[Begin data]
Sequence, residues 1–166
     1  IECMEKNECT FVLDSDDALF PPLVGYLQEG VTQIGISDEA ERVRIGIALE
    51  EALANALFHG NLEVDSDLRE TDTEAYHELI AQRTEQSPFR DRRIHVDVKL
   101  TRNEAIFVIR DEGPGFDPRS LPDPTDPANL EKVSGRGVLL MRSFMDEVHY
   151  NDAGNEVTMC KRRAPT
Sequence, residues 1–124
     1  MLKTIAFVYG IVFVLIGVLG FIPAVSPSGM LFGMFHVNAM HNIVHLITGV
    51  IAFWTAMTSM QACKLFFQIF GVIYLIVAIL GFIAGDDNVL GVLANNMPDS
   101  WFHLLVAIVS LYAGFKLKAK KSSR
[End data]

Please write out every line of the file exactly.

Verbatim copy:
Sequence, residues 1–166
     1  IECMEKNECT FVLDSDDALF PPLVGYLQEG VTQIGISDEA ERVRIGIALE
    51  EALANALFHG NLEVDSDLRE TDTEAYHELI AQRTEQSPFR DRRIHVDVKL
   101  TRNEAIFVIR DEGPGFDPRS LPDPTDPANL EKVSGRGVLL MRSFMDEVHY
   151  NDAGNEVTMC KRRAPT
Sequence, residues 1–124
     1  MLKTIAFVYG IVFVLIGVLG FIPAVSPSGM LFGMFHVNAM HNIVHLITGV
    51  IAFWTAMTSM QACKLFFQIF GVIYLIVAIL GFIAGDDNVL GVLANNMPDS
   101  WFHLLVAIVS LYAGFKLKAK KSSR